The scandal vanishes
It’s been nearly a week since the FBI raided the offices of the Minnesota nonprofit Feeding Our Future. Since then, there have been no further developments in the case. Could…
A new voter fraud case before the Minnesota Supreme Court claims 1,366 ineligible felons have cast at least 1,670 fraudulent votes in recent statewide elections, possibly tipping the outcome of close contests, including the 2008 U.S. Senate race.
The case holds repercussions for the 2016 election with the plaintiffs seeking a court order to prevent state and local election officials from distributing ballots to ineligible voters by implementing new safeguards.
The lawsuit marks the culmination of a years-long effort to challenge suspected voter fraud tied to Minnesota’s same day voting registration law. More than half a million Minnesotans register to vote on Election Day in general election years like 2016.
“For the first time, the State of Minnesota will be put ‘on the stand’ and forced to explain why it thinks it can violate the plain text of the Minnesota Constitution, election statutes, as well as specific court orders and permit individuals to vote who election officials know are ineligible,” said Minnesota Voters Alliance Executive Director Andy Cilek in an email newsletter.
The Minnesota Voters Alliance group behind the challenge alleges the actual number of illegal ballots submitted by ineligible voters far surpasses the 1,670 votes documented through a painstaking search of voting records hampered by a lack of cooperation by Minnesota Secretary of State Steve Simon.
MVA found 941 ineligible felons who were allowed to vote in 2008 alone, exceeding the 312 vote margin separating DFL candidate Al Franken and GOP Sen. Norm Coleman after a grueling recount.
Altogether, more than 100,000 Minnesota felons had their right to vote restricted and reported to the Minnesota Secretary of State between 2003 and 2015. But the Minnesota Secretary of State only notifies local election officials of the ineligible status of felons and others if they’re already registered to vote in the Statewide Voter Registration System.
Court papers demonstrate how the incomplete list of ineligible voters provided to local election officials routinely allows felons, wards of the state, immigrants and other ineligible persons to register and vote.
“The 1,366 identified felons who have been permitted to vote is believed to be only a fraction of the true total,” the 110 page court petition filed by MVA and former Rep. Kirk Stensrud states. “Cooperation from the Secretary of State would have allowed for a more complete accounting of the number of ineligible persons who have been permitted to vote.”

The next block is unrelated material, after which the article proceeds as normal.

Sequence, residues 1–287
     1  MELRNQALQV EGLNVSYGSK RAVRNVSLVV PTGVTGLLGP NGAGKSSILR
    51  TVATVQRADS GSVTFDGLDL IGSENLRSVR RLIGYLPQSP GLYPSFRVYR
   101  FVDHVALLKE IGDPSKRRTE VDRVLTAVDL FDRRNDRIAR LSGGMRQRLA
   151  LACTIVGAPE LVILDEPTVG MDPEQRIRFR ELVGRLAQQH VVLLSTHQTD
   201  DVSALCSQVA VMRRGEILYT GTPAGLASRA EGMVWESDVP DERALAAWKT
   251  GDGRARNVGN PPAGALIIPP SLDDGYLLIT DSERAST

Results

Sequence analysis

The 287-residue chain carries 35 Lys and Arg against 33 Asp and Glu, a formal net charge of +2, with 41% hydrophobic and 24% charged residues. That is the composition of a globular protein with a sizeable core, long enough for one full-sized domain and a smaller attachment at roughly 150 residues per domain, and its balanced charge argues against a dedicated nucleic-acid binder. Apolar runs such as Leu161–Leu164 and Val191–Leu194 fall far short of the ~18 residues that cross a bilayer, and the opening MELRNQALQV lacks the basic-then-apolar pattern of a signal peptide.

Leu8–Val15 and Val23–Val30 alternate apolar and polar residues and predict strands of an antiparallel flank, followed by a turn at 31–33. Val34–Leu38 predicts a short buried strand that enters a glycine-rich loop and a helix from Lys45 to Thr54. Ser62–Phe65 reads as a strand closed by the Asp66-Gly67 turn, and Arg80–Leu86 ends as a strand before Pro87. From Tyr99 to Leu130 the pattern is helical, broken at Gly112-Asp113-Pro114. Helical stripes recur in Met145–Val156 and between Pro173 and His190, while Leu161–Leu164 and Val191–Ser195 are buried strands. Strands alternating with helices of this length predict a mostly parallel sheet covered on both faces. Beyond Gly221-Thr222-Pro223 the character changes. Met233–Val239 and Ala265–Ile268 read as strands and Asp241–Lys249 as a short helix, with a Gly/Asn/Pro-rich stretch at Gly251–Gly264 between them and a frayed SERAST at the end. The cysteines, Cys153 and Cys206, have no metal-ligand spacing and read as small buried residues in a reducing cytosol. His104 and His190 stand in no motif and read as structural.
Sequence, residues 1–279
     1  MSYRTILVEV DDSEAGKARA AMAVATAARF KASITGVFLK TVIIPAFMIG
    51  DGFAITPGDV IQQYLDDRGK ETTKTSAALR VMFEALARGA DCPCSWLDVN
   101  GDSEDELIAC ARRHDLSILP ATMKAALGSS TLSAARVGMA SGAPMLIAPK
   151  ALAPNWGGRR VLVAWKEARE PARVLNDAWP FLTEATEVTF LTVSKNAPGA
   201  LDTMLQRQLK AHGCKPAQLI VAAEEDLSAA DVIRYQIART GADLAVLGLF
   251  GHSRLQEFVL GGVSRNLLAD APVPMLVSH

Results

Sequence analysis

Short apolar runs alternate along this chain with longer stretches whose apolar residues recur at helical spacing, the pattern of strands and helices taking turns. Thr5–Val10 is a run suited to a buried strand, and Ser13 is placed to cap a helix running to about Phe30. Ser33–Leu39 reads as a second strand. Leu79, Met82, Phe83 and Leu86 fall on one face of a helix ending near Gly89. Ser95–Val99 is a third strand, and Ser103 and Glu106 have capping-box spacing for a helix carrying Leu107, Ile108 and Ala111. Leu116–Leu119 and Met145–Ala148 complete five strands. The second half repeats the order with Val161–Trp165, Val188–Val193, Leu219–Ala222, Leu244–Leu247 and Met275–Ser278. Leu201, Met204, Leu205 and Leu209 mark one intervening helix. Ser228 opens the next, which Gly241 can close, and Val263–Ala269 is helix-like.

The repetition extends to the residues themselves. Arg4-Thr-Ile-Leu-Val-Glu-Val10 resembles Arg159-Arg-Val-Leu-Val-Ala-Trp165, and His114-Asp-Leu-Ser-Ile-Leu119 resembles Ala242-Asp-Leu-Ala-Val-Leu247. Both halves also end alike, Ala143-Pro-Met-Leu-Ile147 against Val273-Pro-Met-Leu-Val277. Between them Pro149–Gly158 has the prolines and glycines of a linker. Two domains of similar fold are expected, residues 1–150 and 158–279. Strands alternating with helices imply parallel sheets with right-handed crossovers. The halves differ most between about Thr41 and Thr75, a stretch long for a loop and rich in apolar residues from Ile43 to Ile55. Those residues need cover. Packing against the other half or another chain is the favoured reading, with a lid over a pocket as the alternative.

Simon has refused to release the data that would enable MVA to verify the actual number of ineligible people that have illegally cast a vote. In holding back the critical government data, Simon has ignored a Minnesota Department of Administration opinion stating that the voting records in question should be made public.
“The Secretary of State plays a significant role with other election officials in permitting known ineligible felons to register or to vote,” court documents state.
The lawsuit also alleges that election officials often allow felons flagged as ineligible in the Statewide Voter Registration System to vote anyway, providing the individual swears eligibility, according to court documents.
In their investigation, MVA determined more than 200 ineligible felons have voted in two of the last four general elections held in 2008, 2010, 2012 and 2014.
“There’s a continuing problem in Minnesota with ineligible felons voting and the courts and Secretary of State and election judges haven’t gotten on the same page and these close elections without a doubt are being determined by the votes of ineligible felons,” said Erick Kaardal, MVA’s attorney.
Other states offer provisional ballots to same day registrants that are not tallied until the voter’s eligibility is confirmed.
The Minnesota Secretary of State has until July 15 to file a response on the election fraud case with the Minnesota Supreme Court. Simon did not respond to our inquiry.